May 7, 2018
Did You Know: The Polish Catholic midwife of Auschwitz
Did You Know? Polish Catholic midwife Stanisława Leszczyńska delivered 3,000 babies in Auschwitz from 1940-1945.
Stanisława Leszczyńska was born in Lodz, Poland, living in relative peace until the Nazi of Poland. Prior to the occupation she studied midwifery, married and started a family.
Under Nazi occupation a ghetto was established in Lodz, the Jewish population being forced to live in squalid conditions. Stanisława and her family decided to aid the Jewish population living in the Lodz ghetto by smuggling in food and false Aryan papers.
In 1943, the Leszczyńska family were discovered, Stanisława being sent to Auschwitz along with her daughter. In Auschwitz, Stanisława managed to reveal that she was a midwife by smuggling in her occupation papers in a tube of toothpaste, and she was subsequently assigned to the maternity ward.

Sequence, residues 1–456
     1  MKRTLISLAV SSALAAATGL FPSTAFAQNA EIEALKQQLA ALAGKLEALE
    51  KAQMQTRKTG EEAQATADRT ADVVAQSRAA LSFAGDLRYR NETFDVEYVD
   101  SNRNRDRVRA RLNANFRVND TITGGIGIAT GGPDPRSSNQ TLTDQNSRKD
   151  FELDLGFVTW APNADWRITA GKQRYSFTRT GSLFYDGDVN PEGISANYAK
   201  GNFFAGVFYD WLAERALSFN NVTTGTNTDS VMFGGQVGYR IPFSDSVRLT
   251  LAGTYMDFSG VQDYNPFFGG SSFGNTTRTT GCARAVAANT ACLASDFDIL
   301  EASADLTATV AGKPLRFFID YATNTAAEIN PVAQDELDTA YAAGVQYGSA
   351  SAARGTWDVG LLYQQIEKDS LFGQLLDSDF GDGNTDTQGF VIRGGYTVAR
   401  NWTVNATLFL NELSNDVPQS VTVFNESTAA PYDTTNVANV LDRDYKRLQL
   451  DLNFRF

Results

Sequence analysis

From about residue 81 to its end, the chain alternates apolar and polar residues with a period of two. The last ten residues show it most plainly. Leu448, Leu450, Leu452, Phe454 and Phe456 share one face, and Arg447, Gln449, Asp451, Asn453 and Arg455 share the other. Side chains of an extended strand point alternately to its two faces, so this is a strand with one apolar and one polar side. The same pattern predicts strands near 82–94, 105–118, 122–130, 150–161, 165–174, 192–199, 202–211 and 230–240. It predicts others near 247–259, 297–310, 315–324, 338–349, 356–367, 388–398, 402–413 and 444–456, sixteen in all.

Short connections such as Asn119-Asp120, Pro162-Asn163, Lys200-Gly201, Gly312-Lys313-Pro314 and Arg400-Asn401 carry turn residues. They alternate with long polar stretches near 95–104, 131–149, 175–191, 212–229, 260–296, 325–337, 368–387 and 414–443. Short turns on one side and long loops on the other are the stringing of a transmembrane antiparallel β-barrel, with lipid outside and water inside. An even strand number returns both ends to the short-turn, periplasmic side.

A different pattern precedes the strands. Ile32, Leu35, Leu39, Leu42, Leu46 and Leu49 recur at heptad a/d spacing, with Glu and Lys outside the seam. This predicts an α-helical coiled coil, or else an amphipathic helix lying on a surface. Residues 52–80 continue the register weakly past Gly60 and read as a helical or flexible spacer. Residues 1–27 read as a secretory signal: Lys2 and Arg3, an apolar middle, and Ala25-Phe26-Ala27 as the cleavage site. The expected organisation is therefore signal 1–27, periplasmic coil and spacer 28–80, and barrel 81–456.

Many pregnant women who arrived at Auschwitz were sent straight to their death and those women who became pregnant in the camp were often quickly executed and or given forced abortions. For women who were admitted to the maternity ward, they gave birth in squalid conditions and generally children were quickly drowned. A small selection of children born were taken out of the camp and assigned to Aryan families as part of the Lebensborn program.
Stanisława refused to take part in the killing of children despite threats from those around her working in the ward. Stanisława went forward caring for the mothers before, during, and after their labour with compassion. Of the 3000 deliveries performed by Stanisława, all of the mothers and children survived the birth. Stanisława created a sense of safety in the ward, and the camp more broadly; the prisoners called her “mommy” and “the angel of goodness.” Liberated at Auschwitz, Stanisława returned to midwifery, after the war.